“9/11 through the Eyes of the Millennial Generation”
This research will collect various experiences and recollections from people who were children at the time of 9/11 in order to look at how those attacks were a common point of awakening among the members of my generation. The research also plans to look at how the attacks continue to affect those individuals today. Psychologists have studied children’s reactions to this trauma, and there have been a number of both academic and news articles written in relation to this subject. However, the approach and format for this project is unique. I plan to take elements of the recollections collected, as well as my own, and combine them into a nonfiction book. This book would be in the form of a narrative timeline which would combine the factual/technical elements of that day (significant times, events, etc.) with the personal experiences collected. The aim of this book is to appeal to a wide range of ages, from middle school-aged children through the Millennial Generation. An effect of the timeline will emphasize the enormous impact that one single day can have on an entire generation.
Who is your mentor for your research project?
Dr. Michele Osherow, Associate Professor of English
How did you arrange to work with this person?
When I first transferred to UMBC, I was assigned to Dr. Osherow for academic advising. She was the one who first told me about the Undergraduate Research Award and encouraged me to apply for it. When it came time to choose a mentor, there was no better choice for me. Her knowledge of literature, as well as her previous experiences with the research programs, has been invaluable in helping me decide on the specifics of my project.
How did you know this was the project you wanted to do?
The idea for this project stemmed from an essay that I wrote for one of my classes here at UMBC. We were asked to write about a moment in our lives that changed how we saw the world. I wrote about my recollections of September 11, 2001, and what it was like to experience it as a child. This essay resonated with many people, both inside my class and out. They began telling me their own recollections of September 11th and how it affected them. Seeing how much of an impact this had made, not only on people from my generation but others as well, made me realize that this was what I wanted my research topic to be.
What academic background did you have before you applied for the URA?
Much of my academic background came from my previous classes at UMBC. For instance, I learned proper interviewing techniques during my Feature Writing class, which has aided in the process of interviewing participants. Also, many of my classes have required me to utilize and expand my writing skills, which is a large part of my final project.
Was the application difficult to do?
Completing the application was difficult, but most of the difficulty didn’t come from the application itself. For me, the most difficult part was trying to describe my project in a coherent way. I wanted to make my project clear and realistic, but I was trying to describe something that existed only in my mind. Trying to convey those ideas accurately in words proved to be more difficult than I had anticipated.
How much did your mentor help you with the application?
Dr. Osherow helped me a great deal with my application. She was honest about what was and was not clear, and helped me reword my descriptions to best highlight my project. She coached me on what was expected of an undergraduate research application, and that aided greatly towards the successful completion of mine.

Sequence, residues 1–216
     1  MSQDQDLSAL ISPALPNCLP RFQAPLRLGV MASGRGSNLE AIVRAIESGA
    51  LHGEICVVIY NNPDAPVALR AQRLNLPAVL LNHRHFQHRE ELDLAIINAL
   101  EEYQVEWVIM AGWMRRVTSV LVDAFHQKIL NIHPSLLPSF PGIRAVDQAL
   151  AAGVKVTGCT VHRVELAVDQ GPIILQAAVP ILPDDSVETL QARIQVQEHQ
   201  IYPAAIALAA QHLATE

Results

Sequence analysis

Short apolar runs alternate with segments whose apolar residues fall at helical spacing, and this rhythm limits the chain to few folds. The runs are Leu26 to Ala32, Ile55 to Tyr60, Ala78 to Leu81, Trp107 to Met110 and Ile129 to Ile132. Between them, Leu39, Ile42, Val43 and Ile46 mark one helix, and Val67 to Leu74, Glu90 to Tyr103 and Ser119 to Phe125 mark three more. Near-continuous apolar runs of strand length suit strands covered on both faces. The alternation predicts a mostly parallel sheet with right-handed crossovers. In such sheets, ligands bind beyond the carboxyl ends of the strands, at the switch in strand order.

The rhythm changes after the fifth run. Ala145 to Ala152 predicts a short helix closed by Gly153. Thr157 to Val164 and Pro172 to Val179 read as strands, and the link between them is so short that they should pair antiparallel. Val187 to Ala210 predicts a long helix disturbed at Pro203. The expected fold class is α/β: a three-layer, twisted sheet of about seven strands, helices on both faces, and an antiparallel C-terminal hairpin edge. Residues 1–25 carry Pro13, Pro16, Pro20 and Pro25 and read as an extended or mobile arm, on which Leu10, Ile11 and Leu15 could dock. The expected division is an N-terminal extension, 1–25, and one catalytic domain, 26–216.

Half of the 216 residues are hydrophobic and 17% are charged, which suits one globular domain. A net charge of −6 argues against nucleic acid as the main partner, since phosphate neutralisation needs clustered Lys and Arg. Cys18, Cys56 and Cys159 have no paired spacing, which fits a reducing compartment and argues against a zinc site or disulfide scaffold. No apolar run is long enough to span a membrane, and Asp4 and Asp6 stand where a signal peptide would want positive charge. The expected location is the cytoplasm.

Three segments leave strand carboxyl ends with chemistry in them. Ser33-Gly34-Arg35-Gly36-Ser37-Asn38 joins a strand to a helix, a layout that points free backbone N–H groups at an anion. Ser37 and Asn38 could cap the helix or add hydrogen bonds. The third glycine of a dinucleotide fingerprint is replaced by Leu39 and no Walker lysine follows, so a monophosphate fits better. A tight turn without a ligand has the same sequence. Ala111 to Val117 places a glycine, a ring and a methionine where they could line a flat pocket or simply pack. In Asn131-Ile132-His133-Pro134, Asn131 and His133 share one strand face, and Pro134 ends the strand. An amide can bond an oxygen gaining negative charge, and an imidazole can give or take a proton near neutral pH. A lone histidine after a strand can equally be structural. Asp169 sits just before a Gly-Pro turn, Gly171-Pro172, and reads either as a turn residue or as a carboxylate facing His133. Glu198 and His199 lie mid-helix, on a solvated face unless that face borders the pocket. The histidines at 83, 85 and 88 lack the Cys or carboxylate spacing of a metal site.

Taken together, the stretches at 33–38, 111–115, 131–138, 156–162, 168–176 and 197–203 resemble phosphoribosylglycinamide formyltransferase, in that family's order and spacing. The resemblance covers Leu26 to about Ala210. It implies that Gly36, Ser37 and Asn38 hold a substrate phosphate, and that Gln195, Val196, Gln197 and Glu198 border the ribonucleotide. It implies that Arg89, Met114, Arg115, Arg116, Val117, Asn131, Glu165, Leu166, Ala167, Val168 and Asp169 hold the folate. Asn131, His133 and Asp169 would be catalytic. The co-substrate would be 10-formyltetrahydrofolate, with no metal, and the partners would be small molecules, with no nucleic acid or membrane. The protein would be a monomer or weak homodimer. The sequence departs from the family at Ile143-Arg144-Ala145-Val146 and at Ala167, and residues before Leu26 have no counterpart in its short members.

What has been the hardest part about your research?
The most difficult part for me has been narrowing down the information I’ve received. Given the subject nature of my research and how much it affected every American, I’ve received a lot of emotional and detailed stories from people. Between all of those vivid details, it’s been difficult to narrow down which ones to use in my final project. Although, I will say that this is a very good problem to have.
What was the most unexpected thing?
The most unexpected thing I have encountered has been the willingness of people to share every detail of their stories with me. September 11th was a very emotional and tragic day for all Americans. Because of this, I thought that I may have trouble finding people willing to share their stories, as asking people to relive those painful memories can be taxing. Contrary to this, I have had many people who have readily done so, and have expressed a desire to be a continued part of this project. I have been honored that so many people have been willing to do so.
What else are you involved in on campus?
Besides research, I am also a staff writer for The Retriever Weekly. I have recently become involved with UMBC’s creative arts journal, Bartleby as well.
What is your advice to other students about getting involved in research?
My advice would be for them to just try it. Take the leap. Even if you think that there is no way your project will be chosen. When I first heard about this program, I thought that my kind of project was not what they were looking for. I’m very glad that I didn’t keep that frame of mind. This program accepts a wide range of majors and ideas, and really highlights the diverse group of students we have on campus. It’s an amazing opportunity, but you will never know until you decide to just try it.
Also, don’t doubt the merits of your project. Even if your project is very different than many others, don’t let that discourage you. You’re bringing your own perspectives and ideas to the table, and they deserve to be heard just as much as everyone else’s ideas do.
Did you transfer to UMBC from another institution? Where?
I transferred to UMBC from Anne Arundel Community College.